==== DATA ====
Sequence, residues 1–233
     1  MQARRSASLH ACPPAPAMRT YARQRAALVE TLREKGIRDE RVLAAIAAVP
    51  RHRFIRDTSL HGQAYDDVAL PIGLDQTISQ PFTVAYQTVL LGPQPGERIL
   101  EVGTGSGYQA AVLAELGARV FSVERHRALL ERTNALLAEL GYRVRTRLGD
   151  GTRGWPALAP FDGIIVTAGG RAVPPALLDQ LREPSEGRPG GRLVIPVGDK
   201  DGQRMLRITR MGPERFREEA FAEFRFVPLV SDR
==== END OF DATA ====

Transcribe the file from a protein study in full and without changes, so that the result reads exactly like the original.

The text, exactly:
Sequence, residues 1–233
     1  MQARRSASLH ACPPAPAMRT YARQRAALVE TLREKGIRDE RVLAAIAAVP
    51  RHRFIRDTSL HGQAYDDVAL PIGLDQTISQ PFTVAYQTVL LGPQPGERIL
   101  EVGTGSGYQA AVLAELGARV FSVERHRALL ERTNALLAEL GYRVRTRLGD
   151  GTRGWPALAP FDGIIVTAGG RAVPPALLDQ LREPSEGRPG GRLVIPVGDK
   201  DGQRMLRITR MGPERFREEA FAEFRFVPLV SDR